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Ever since the first people sat around their campfires, we have told stories. People tell tales to explain events and to justify their actions. We see how one thing led to another, and wonder what might happen next. We learn about how we should behave in a similar situation. We use stories to understand the world.
Myths are some of the best stories ever told. They have stood the test of time, surviving to be re-told generation after generation. Tales of heroes and clever girls, treasure and monsters capture our imagination. Our modern world doesn’t contain many dragons, but metaphorical monsters still exist. Whether you’re fighting the establishment, coping with colleagues or dealing with depression, stories show you a way to go on. Myths and fairytales tell us to be brave and teach us to tackle life’s problems. Whether you’re a princess or an urchin, a lot of courage and a measure of good sense will see you through.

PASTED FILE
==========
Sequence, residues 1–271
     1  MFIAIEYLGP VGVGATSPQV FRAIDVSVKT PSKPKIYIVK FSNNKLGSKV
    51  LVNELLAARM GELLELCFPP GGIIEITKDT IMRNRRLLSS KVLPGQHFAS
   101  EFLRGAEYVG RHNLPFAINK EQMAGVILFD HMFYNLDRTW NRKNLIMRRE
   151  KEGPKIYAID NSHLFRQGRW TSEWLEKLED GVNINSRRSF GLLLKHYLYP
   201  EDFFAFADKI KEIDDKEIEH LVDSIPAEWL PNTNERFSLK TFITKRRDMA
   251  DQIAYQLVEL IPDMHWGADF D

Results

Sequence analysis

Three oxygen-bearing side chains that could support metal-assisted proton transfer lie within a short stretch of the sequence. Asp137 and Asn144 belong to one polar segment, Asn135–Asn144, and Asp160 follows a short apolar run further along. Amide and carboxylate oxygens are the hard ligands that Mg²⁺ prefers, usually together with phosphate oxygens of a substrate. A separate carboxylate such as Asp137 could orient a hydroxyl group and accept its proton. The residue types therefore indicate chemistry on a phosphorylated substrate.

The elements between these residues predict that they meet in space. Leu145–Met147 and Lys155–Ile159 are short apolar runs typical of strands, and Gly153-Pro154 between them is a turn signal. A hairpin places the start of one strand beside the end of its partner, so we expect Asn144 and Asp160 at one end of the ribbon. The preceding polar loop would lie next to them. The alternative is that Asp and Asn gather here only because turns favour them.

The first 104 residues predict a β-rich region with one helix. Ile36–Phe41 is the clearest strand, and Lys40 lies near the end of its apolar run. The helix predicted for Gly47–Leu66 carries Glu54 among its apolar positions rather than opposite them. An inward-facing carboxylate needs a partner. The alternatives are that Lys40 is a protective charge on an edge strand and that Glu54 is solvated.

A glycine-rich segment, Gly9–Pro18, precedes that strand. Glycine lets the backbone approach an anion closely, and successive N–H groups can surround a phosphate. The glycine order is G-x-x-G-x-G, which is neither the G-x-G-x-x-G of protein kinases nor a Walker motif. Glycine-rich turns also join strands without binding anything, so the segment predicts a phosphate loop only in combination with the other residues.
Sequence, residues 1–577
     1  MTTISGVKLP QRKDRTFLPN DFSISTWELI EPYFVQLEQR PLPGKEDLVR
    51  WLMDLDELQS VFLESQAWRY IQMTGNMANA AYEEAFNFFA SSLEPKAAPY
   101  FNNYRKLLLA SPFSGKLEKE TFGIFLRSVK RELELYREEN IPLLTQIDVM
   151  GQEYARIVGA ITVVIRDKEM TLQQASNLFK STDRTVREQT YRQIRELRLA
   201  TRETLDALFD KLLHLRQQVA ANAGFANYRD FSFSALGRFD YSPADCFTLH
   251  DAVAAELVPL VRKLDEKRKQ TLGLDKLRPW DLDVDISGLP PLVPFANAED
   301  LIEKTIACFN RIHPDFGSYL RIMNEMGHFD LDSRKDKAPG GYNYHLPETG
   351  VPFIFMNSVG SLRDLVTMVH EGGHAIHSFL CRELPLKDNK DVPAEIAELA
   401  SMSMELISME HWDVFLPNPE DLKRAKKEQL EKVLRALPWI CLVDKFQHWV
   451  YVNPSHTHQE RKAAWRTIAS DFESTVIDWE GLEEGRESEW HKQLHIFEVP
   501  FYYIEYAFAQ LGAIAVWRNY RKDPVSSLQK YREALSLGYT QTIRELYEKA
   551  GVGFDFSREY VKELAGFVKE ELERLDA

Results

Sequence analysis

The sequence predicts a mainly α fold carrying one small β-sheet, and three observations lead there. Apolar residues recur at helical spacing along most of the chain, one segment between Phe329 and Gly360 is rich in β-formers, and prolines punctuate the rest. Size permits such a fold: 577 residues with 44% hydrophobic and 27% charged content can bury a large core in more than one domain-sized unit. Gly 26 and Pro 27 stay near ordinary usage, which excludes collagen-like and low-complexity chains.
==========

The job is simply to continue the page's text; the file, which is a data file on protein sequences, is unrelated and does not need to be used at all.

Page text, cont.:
The mythology of the Norsemen tells us about their world. The Gods were always fighting the Ice Giants, just as men battle with the forces of nature. The tales of the Vikings embody their values. The Gods of Asgard were a close-knit group, mirroring the strong family ties of Northern society. They were brave, generous and loyal to their friends – but always on guard against threats and treachery.
Thor was the most popular figure in the Norse pantheon. A big man with a bushy red beard, he was slow of thought but quick to action. Thor’s hammer Mjollnir was his greatest weapon in the battles with the Ice Giants. Forged by the dwarves, it never missed its mark; guided by magic, it always flew back to his hand. His brother Loki, the Trickster, was a very different character. Clever and devious, Loki’s schemes often saved the day.
‘Vikings: Life and Legend’ is at the British Museum from 6th March – 22 June 2014. To coincide with this exhibition, I’m running two 1-day courses on Norse myth at the City Lit in London.
More about myth in ‘LifeWorks‘ by Jane Bailey Bain. Visit my Author Page and follow me on Twitter @janebaileybain. If you like this post, use the buttons below to Share on Facebook, Twitter or Stumbleupon.